How is the osmolar gap calculated when the anion gap (AG) is elevated in the workup of metabolic acidosis?

Updated: Oct 10, 2018
  • Author: Christie P Thomas, MBBS, FRCP, FASN, FAHA; Chief Editor: Vecihi Batuman, MD, FASN  more...
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Answer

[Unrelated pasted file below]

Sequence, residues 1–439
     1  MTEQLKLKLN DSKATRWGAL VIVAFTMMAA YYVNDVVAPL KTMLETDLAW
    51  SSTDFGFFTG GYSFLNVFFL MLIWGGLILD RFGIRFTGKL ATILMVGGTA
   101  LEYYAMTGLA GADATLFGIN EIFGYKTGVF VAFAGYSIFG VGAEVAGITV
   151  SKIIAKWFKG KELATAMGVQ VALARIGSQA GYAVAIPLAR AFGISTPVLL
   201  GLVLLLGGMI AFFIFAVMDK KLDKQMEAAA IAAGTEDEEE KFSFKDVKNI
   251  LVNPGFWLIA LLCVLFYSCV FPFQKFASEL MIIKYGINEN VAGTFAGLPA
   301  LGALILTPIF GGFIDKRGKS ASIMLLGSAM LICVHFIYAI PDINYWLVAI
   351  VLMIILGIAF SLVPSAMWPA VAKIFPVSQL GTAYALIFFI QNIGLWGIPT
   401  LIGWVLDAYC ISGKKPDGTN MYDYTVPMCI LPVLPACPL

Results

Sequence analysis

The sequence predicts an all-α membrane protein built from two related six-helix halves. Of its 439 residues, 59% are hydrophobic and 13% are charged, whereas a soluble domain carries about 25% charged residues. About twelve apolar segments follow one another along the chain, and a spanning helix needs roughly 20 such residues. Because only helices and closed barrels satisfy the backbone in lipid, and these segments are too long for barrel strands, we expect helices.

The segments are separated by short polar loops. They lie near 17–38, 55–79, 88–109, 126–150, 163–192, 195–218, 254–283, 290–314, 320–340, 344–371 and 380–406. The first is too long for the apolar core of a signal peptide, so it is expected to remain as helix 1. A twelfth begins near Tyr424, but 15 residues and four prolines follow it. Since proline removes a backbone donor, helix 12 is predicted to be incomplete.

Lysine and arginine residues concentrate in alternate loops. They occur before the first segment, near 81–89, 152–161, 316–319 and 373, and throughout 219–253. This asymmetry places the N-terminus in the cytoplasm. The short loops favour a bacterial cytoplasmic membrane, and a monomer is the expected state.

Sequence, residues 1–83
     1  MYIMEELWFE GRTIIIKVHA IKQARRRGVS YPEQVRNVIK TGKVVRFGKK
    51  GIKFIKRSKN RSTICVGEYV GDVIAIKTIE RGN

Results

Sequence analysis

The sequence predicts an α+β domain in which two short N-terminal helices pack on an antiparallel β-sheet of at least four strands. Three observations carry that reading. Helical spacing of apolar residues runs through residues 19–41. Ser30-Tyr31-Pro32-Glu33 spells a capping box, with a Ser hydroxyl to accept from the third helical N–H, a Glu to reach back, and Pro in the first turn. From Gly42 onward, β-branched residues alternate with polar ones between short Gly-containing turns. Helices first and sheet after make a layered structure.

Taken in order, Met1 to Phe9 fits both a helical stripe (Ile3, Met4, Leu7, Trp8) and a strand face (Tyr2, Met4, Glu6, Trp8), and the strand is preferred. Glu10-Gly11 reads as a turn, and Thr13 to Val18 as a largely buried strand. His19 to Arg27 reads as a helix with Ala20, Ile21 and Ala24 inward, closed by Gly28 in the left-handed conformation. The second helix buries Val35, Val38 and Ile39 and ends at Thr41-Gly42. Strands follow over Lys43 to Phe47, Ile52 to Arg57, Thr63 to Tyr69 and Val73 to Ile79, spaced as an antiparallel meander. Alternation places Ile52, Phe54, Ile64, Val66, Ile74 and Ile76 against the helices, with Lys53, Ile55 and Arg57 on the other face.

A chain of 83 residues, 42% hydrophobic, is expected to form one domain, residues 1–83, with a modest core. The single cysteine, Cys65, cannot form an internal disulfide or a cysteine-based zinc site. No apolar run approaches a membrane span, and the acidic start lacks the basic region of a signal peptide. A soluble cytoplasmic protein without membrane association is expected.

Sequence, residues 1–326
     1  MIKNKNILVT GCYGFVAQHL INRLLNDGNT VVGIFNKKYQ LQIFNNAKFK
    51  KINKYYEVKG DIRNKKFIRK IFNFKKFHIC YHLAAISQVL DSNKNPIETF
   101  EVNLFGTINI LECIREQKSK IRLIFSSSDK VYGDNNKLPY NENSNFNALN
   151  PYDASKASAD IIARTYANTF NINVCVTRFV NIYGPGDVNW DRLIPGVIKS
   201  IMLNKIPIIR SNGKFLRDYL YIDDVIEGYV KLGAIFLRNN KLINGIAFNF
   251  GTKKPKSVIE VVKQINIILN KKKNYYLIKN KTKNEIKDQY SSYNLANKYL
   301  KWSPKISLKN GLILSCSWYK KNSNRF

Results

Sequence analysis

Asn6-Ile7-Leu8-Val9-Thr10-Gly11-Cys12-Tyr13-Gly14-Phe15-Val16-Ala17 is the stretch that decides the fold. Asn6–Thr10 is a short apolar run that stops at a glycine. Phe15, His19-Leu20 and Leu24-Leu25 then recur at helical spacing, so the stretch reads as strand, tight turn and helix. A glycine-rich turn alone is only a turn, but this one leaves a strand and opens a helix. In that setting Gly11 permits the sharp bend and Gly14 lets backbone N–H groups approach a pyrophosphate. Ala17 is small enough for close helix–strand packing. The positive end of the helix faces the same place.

If the AG is elevated, the osmolar gap should be calculated by subtracting the calculated serum osmolality from the measured serum osmolality. Ethylene glycol and methanol poisoning increase the AG and the osmolar gap. Acetone, produced by decarboxylation of acetoacetate, can also raise serum osmolality. Other tests can be performed, including a screen for toxins (eg, ethylene glycol, salicylate) and tests for metabolic disorders (eg, ketoacidosis, lactic acidosis), that are known to elevate the AG.


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